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The Election's Over, But This Trump Fan Is Still a True Believer

DeeDee Easlea made short work of these.
DeeDee Easlea made short work of these.
R. Pela

The way DeeDee Easlea sees it, she put up with eight years of Barack Obama. Now it’s her turn to have something of her own.

“I think eight years of President Trump would be just fine,” she said last Tuesday while out for her morning stroll along the canal behind her house near Fifth Avenue and Osborn Road. She stopped to yank a vinyl red, white, and blue Biden-Harris sign from a telephone pole.

“My neighborhood put these up,” she explained. “Me and my husband was asked to take them down on the 23rd.”

But today was only the 10th.

“Yeah, but the election is over,” she pointed out. “And even though Trump won, they’re not gonna let him in. All this recount stuff is a waste of time. Anyhow, I’m going to my sister’s in Lake Havasu tomorrow, so I figured I better take these down now.”

She was leaving because her husband was sick, and in case he had what Easlea called “the COVID,” he didn’t want her to hang around and catch it.

“That’s why it’s just me out here pulling signs,” she said, tossing a handful of thumbtacks into the canal. “I’ll be at my sister’s past Thanksgiving, so I figured I’d better get these down now.”

She was glad not to be home for the holiday. Her daughter had recently stopped speaking to her after Easlea yelled at her son-in-law for saying Obama’s billion-dollar bailout saved the car industry.

“So Thanksgiving was going to be weird,” she said. “Now I don’t have to worry about who’s coming and who ain’t.”

She tucked a growing stack of hand-painted cardboard Trump signs under her arm. “I hate to take these down,” she confided. “But there’s a law that says they got to be gone by a certain day. Anyhoo, maybe while I’m gone, something good will happen.”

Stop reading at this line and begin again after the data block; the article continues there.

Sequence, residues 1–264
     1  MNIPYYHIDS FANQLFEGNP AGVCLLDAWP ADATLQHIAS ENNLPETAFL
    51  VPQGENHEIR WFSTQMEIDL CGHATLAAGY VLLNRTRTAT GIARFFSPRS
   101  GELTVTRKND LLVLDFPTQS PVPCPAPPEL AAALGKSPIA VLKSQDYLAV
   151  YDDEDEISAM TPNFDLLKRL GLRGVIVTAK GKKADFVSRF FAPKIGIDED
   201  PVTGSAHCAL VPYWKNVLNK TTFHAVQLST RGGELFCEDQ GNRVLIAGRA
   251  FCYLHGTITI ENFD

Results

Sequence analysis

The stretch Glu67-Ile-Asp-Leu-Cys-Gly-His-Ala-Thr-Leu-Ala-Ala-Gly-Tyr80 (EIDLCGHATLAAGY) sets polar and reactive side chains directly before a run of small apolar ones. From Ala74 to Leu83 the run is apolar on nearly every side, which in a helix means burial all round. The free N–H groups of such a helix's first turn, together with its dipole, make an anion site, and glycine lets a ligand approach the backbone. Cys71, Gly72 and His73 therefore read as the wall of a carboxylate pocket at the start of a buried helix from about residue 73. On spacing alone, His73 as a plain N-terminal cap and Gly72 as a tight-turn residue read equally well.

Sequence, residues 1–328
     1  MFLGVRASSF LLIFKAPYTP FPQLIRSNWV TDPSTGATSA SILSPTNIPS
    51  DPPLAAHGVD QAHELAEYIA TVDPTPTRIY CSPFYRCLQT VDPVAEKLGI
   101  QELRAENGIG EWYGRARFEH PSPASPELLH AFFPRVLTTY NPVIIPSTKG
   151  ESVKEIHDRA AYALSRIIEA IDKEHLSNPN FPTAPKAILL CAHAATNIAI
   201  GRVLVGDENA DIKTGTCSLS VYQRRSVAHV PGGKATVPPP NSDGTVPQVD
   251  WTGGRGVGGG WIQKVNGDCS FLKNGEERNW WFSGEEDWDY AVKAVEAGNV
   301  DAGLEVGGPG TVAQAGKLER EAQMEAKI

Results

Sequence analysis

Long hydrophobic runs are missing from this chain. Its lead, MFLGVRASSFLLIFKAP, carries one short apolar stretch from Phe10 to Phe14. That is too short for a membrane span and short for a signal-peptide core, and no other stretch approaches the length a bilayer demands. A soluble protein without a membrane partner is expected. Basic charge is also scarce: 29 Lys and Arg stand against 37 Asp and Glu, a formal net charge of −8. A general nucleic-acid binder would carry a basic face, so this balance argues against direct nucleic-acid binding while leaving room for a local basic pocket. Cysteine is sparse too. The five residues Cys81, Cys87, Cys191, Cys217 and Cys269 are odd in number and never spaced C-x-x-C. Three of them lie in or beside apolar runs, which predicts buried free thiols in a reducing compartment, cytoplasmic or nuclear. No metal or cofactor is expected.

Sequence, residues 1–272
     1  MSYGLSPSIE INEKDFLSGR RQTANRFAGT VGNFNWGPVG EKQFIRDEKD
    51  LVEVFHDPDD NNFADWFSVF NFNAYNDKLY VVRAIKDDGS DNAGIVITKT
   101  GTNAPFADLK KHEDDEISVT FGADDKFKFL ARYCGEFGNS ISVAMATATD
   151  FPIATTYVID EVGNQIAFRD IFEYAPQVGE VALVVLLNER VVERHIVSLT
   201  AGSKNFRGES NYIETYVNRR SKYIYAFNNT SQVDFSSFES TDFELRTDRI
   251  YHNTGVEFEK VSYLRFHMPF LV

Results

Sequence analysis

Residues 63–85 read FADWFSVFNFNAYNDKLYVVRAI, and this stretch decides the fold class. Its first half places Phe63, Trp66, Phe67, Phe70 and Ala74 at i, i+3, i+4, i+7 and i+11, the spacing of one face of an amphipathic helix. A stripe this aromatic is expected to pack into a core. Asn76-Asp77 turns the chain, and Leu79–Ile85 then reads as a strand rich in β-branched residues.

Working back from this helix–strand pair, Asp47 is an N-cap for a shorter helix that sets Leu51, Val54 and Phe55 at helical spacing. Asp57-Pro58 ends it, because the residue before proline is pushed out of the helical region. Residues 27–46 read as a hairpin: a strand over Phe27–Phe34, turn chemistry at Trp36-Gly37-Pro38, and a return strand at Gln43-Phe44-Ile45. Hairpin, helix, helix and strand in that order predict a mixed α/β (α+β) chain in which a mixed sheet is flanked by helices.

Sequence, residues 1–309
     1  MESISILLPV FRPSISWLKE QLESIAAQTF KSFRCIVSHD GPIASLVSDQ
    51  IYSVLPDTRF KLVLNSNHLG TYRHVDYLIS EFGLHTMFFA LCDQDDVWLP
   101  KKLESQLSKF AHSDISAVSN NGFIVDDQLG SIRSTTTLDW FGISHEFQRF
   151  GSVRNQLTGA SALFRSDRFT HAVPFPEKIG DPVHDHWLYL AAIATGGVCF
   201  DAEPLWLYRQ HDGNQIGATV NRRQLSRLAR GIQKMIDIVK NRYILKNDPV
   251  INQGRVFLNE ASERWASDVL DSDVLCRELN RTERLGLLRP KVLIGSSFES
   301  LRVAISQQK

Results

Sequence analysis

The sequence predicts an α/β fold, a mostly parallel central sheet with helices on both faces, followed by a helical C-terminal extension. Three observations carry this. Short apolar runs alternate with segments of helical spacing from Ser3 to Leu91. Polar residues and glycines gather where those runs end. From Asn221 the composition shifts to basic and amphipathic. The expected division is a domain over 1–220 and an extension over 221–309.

She was hopeful President Trump would prevail in reclaiming the election. She figured since the contest was so close, Washington should just let Trump stay. “He’s already in office,” she shrugged. “And he was just getting going on the COVID thing.”

Easlea paused and stared at the ground for a minute. The “COVID thing” was a Democrat conspiracy, she whispered in the direction of her shoes.

“What they did was to get people all afraid of the corona,” she explained. “And after everyone was scared, they said, ‘Don’t go vote at the voting place! Oh, no, it’s all covered in corona! You’ve got to mail your vote in! And then they had us, because they could throw out all the votes they wanted and say the other guy won.”

Easlea didn’t like to say Joe Biden’s name. “And I can’t even pronounce the other one’s name, his female vice president,” she griped. “What kind of a name is that, anyway?”

She worried about terrorists overtaking America, she said as she tugged at another handmade Trump sign.

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“Even if they let Trump stay, and they should,” she cautioned, “it’s going to be another 9/11 all over again. You’ll get some crazy guy in some other country who doesn’t like Trump or who doesn’t like the other guy, and they see how we’re fighting over this election, and they’ll bomb us because we’re thinking about something else right now. You watch.”

One of the best things she’d heard about President Trump lately was that he was doing everything he could to get troops back from Afghanistan.

“He really cares about those boys,” she’d decided. “Of course, everyone in Washington is trying to stop him. They’re all like, ‘Just get out and let Biden take over!’”

Easlea pulled at an especially stubborn Trump sign. “But you mark my words,” she said, and held up the sign. “This guy here isn’t going anywhere any time real soon.”

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